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What Is Sugar Alcohol?

Confused What Sugar Alcohols Actually Are? This Dietitian Explains

Grabbing a sugar-free protein bar or sugar-free candy may seem like a healthier option; you'll save calories from the lack of sugar, won't experience blood sugar spikes, and it's (usually) safe for people who are keto or have diabetes. But what exactly are the sugar alcohols used instead? They're different from the traditional sweeteners we think of (stevia, sucralose, aspartame, etc.), but still add zero to minimal calories.

Sugar alcohols are naturally found in some fruits, vegetables, and mushrooms in small amounts explained Kristin Koskinen, RDN. But the most common ones are found in processed foods to add sweetness without the calories. Sugar alcohols are a carbohydrate with a unique chemical compound that's not quite sugar, but not quite alcohol.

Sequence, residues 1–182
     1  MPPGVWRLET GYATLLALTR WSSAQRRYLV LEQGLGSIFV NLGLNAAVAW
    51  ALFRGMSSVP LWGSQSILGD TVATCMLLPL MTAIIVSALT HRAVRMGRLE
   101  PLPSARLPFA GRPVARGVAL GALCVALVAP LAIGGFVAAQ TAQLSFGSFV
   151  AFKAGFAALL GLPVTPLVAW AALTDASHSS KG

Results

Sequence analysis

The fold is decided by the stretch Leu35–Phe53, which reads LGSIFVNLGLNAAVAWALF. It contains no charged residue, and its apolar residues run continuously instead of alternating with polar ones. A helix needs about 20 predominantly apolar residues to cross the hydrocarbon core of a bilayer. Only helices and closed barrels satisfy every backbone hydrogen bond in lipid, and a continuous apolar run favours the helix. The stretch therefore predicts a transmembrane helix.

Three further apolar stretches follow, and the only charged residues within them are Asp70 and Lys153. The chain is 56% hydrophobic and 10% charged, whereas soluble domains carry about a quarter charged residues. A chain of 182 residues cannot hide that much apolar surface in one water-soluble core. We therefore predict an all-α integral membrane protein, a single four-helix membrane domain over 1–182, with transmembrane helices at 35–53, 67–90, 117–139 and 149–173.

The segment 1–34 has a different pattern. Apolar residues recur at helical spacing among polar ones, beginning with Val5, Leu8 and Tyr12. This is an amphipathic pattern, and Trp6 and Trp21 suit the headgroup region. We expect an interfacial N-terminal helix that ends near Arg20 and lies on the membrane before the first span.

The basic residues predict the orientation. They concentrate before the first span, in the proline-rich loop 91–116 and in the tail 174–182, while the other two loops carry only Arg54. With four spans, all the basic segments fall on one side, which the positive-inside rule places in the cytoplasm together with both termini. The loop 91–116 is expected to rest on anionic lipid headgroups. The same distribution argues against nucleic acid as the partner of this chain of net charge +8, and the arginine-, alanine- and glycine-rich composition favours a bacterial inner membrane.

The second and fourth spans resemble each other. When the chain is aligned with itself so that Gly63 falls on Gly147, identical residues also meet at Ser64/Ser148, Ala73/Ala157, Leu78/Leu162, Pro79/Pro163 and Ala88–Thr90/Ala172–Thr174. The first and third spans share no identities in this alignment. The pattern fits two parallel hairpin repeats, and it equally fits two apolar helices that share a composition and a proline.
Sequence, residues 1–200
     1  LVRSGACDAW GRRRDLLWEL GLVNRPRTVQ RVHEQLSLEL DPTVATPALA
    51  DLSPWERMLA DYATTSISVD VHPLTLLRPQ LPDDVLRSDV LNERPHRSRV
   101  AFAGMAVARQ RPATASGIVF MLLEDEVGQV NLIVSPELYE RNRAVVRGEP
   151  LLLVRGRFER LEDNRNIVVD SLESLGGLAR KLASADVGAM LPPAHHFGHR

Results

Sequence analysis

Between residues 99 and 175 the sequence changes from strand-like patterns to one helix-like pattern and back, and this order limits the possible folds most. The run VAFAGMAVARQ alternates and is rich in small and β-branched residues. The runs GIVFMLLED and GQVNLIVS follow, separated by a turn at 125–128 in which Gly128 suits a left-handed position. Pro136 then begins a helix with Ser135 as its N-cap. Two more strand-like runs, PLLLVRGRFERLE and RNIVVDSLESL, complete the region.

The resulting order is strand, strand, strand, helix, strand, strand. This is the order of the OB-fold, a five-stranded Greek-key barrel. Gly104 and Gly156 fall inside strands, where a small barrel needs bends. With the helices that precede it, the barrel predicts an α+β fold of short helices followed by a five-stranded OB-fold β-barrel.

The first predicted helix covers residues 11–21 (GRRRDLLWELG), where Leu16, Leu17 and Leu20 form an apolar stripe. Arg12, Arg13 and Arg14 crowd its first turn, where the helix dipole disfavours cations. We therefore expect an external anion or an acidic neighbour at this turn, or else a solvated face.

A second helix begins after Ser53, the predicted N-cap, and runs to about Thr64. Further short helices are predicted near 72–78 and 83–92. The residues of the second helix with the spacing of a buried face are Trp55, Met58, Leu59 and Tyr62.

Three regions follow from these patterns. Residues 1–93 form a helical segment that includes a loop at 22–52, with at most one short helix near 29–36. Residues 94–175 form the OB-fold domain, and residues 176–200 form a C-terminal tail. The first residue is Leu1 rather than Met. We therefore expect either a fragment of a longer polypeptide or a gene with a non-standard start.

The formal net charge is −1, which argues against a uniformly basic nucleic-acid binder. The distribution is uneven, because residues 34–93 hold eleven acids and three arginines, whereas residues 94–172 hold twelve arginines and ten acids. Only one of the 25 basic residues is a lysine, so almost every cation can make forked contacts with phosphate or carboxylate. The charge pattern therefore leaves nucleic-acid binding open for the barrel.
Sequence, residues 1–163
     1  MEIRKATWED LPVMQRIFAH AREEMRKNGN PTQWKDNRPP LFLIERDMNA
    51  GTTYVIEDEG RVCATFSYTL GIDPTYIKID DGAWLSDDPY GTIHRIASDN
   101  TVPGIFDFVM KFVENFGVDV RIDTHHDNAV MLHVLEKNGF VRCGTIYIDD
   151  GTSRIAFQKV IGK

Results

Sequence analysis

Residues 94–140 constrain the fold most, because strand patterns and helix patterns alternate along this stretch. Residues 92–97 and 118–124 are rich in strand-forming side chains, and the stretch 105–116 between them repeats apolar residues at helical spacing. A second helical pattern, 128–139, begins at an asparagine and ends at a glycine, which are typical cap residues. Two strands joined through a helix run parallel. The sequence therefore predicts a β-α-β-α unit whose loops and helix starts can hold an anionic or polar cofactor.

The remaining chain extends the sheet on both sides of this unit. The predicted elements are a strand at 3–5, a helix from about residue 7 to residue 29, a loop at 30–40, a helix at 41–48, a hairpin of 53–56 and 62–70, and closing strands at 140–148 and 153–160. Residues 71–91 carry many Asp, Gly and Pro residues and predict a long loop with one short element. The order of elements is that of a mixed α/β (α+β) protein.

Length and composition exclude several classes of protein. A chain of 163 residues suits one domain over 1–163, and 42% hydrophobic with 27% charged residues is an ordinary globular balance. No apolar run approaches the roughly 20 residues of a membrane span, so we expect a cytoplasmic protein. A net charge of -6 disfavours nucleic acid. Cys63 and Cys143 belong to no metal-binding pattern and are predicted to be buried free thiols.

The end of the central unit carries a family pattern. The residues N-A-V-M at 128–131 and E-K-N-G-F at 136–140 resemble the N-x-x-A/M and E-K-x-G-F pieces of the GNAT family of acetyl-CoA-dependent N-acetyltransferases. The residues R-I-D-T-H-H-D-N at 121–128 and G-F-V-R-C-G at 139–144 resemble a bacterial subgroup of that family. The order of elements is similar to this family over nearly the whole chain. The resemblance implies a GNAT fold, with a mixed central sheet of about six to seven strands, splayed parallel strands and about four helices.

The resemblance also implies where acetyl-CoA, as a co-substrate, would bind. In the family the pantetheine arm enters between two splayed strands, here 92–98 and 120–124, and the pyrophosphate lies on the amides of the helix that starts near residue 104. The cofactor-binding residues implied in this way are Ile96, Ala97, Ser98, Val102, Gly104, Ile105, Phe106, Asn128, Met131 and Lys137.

"Different sugar alcohols include sorbitol, mannitol, maltitol, and lactitol; the '-ol' is what tells us it's an alcohol, though not to be confused with ethanol [grain or drinking alcohol]," Koskinen told POPSUGAR.

Although they typically have zero to a couple calories per serving, they are poorly digested, which can have a laxative effect, she explained. Since sugar alcohols aren't completely digested, they become a food source for your gut flora, which metabolize the sugar alcohols and produce short-chain fatty acids and gas. If eaten in excess, people may experience bloating, flatulence, or stomach discomfort — not necessarily pleasant.

And while the negative side effects make sugar alcohols not seem worth it, they are considered safe when eaten in moderation. Currently, there hasn't been a set recommendation for a daily intake, but if you're worried about digestive issues, it's best to eat them in moderation. Check the label for any of the "-ol" ingredients, and luckily, most packaged food now contains grams of sugar alcohols on the nutrition label.

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